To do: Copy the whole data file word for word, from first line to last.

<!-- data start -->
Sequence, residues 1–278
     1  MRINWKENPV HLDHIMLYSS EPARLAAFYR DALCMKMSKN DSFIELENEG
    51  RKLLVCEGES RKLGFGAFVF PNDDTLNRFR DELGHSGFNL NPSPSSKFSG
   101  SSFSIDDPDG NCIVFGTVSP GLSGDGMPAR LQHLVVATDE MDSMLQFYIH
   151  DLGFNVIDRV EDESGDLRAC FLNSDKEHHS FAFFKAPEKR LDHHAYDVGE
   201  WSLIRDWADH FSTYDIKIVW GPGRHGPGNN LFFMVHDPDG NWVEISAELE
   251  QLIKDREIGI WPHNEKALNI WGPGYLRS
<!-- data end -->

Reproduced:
Sequence, residues 1–278
     1  MRINWKENPV HLDHIMLYSS EPARLAAFYR DALCMKMSKN DSFIELENEG
    51  RKLLVCEGES RKLGFGAFVF PNDDTLNRFR DELGHSGFNL NPSPSSKFSG
   101  SSFSIDDPDG NCIVFGTVSP GLSGDGMPAR LQHLVVATDE MDSMLQFYIH
   151  DLGFNVIDRV EDESGDLRAC FLNSDKEHHS FAFFKAPEKR LDHHAYDVGE
   201  WSLIRDWADH FSTYDIKIVW GPGRHGPGNN LFFMVHDPDG NWVEISAELE
   251  QLIKDREIGI WPHNEKALNI WGPGYLRS